If the new law imposes a heavier penalty, the law in force at the time of the commission of the offense shall be applied If the new law totally repeals the existing law so that the act which was penalized under the old law is no longer punishable, the crime is obliterated o People Vs. Tamayo When repeal is absolute, the offense ceases to be criminal When the new law and the old law penalize the same offenses the offender can be tied under the old law When the repealing law fails to penalize the offense under the old law, the accused cannot be convicted under the new law A person erroneously accused and convicted under a repealed statute maybe punished under repealing statue A new law which omits anything contained in the old law dealing on the same subject, operate as a repeal of anything not so included in the amendatory act Self- repealing law Construction of penal law 1) Penal laws are strictly construed against the government and liberally in favor of the accused a. The rule that penal statutes should be strictly construed against the state may be invoked only where there is ambiguous and there is doubt as to its interpretation. b. Where the law is clear and unambiguous, there is no room for the application of the rule 2) In the construction or interpretation of the provisions of the RPC, the Spanish text is controlling because it was approved by the legislature in its Spanish text Article 1: Time when act takes effect This code shall take effect on the first day of January, nineteen hundred and thirty two 1) Classical view a. This RPC like the old penal code, to be based on the principles of the old or classical school b. Characteristics i. The basis of criminal liability is human free will and the purpose of the penalty of retribution ii. That man is essentially a moral creature with an absolute free will to choose between good and even, thereby placing more stress upon the effect or result of the felonious act than upon the man, the criminal himself iii. It has endeavored to establish a mechanical and direct proportion between crime and penalty iv. There is scant regard to the human element 2) Positivist theory a. Characteristics i. That man is subdued occasionally by a strange or morbid phenomenon which constrains him to do wrong, in spite of or contrary to his volition ii. That crimes is essentially a social and natural phenomenon and as such, it cannot be treated and checked by the application of abstract principles of law and jurisprudence nor by the imposition of punishment, fixed and determined a priori; but rather through the enforcement of individual measure in each particular case after a thorough, personal and individual investigation conducted by a competent body of psychiatrists and social scientists. Article two: Application of its provisions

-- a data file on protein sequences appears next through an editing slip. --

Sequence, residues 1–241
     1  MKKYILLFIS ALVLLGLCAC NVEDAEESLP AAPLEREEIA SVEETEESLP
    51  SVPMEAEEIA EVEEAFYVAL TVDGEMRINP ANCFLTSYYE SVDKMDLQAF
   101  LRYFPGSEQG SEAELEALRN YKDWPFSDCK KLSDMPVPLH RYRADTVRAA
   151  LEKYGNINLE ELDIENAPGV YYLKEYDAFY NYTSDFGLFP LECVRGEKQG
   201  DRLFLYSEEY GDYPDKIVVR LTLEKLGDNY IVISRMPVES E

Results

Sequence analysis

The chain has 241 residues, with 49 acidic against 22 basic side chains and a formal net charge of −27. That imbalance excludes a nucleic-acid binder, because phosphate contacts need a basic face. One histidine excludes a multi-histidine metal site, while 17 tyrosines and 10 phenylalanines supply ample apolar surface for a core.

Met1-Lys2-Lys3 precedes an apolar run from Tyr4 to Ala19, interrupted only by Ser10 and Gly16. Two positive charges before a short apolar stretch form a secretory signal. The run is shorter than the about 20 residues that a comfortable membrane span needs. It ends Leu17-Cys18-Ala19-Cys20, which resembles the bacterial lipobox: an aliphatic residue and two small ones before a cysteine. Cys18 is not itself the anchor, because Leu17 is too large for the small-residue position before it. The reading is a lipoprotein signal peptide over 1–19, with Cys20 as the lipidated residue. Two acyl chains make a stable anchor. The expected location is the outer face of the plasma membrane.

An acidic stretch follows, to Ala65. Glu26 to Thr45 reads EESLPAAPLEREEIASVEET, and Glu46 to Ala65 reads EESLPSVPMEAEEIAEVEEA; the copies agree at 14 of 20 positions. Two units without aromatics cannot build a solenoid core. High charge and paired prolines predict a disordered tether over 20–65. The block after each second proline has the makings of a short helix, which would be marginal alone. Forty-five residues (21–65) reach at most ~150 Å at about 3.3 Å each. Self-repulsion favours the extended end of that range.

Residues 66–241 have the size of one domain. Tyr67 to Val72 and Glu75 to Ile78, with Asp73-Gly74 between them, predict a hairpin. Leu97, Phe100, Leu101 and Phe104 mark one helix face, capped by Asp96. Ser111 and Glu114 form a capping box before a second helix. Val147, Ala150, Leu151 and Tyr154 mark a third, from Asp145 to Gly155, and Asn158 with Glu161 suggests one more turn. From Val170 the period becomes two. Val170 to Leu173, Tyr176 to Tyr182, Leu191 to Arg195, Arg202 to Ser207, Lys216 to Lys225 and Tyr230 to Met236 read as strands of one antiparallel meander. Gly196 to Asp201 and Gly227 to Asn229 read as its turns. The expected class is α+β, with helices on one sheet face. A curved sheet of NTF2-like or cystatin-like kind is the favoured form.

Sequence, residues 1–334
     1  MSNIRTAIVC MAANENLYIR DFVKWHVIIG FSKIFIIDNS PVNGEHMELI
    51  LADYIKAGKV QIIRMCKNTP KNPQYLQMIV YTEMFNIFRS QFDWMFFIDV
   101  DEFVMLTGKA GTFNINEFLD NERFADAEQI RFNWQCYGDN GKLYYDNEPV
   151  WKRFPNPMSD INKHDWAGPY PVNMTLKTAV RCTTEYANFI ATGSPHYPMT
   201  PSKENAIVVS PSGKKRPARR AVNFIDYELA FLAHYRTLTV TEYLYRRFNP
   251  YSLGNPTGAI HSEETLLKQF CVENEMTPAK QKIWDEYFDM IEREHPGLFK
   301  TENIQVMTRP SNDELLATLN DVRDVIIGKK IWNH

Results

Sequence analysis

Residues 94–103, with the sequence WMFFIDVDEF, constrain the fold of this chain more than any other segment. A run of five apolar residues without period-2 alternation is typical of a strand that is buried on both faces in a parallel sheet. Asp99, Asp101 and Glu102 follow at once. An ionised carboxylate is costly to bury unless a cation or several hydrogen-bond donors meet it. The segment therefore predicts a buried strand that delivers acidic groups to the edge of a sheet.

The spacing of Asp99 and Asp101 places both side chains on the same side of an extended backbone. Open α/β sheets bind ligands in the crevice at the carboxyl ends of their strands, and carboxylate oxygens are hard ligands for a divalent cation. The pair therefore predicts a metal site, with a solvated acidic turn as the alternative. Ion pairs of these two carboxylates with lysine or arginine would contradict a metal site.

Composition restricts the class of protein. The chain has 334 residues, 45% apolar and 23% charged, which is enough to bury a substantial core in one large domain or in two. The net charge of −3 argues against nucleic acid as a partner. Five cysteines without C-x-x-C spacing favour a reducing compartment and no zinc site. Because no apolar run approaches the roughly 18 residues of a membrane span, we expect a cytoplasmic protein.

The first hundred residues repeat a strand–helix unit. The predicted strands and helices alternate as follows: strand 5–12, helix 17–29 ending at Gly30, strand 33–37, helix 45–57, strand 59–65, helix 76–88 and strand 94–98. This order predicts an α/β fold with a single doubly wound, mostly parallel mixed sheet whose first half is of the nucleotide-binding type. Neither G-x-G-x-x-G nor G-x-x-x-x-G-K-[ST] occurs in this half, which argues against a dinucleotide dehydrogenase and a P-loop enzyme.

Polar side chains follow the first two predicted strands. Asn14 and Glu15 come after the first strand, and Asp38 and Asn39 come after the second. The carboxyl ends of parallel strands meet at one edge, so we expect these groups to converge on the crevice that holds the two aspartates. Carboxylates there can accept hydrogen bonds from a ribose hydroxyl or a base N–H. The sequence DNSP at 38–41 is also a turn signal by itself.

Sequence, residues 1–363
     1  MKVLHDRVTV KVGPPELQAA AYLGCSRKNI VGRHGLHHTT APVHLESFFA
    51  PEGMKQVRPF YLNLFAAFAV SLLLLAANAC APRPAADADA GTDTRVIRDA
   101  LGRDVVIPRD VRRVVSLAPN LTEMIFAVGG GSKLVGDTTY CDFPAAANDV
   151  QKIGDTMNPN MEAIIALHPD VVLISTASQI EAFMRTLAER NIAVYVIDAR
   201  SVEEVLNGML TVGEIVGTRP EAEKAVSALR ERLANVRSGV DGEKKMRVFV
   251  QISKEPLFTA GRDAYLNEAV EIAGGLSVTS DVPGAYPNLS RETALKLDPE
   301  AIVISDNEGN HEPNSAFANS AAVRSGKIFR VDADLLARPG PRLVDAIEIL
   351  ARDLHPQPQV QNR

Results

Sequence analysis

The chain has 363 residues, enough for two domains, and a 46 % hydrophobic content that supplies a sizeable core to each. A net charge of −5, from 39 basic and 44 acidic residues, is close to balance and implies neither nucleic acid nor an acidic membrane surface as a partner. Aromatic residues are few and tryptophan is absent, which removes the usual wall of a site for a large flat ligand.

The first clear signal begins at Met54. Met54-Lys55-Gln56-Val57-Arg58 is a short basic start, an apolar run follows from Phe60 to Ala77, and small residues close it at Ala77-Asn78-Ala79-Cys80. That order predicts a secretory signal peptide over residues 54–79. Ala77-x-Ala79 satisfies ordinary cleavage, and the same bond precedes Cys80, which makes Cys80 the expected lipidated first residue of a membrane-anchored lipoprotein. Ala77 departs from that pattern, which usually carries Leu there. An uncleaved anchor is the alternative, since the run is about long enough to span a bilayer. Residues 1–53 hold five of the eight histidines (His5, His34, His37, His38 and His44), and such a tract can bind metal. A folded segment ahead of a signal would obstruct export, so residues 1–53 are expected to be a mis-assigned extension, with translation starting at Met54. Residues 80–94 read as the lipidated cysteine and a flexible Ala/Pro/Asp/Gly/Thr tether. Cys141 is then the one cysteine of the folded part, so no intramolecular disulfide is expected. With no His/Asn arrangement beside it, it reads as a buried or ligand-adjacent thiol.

Alexandra V. Khadka

Criminal law 1 notes The Revised Penal Code: Luis Reyes


Except as provided in the treaties and laws of pref erential application, the provisions of this code shall be enforced not only within the Philippine archipelago, including its atmosphere, its interior waters and maritime zone, but also outside jurisdiction against who: o o o o o Should commit the offence while on a Philippine ship or airship Should forge or counterfeit any coin, currency, note of the Philippines or obligations and securities issued by the government of the Philippines Should be liable for acts connected with the introduction in the Philippines of the obligations and securities mentioned in the preceding number While being public officers or employees, should commit an offense in the exercise of their functions Should commit any of the crimes against national security and the law of nations, defined in the title one of book two of the RPC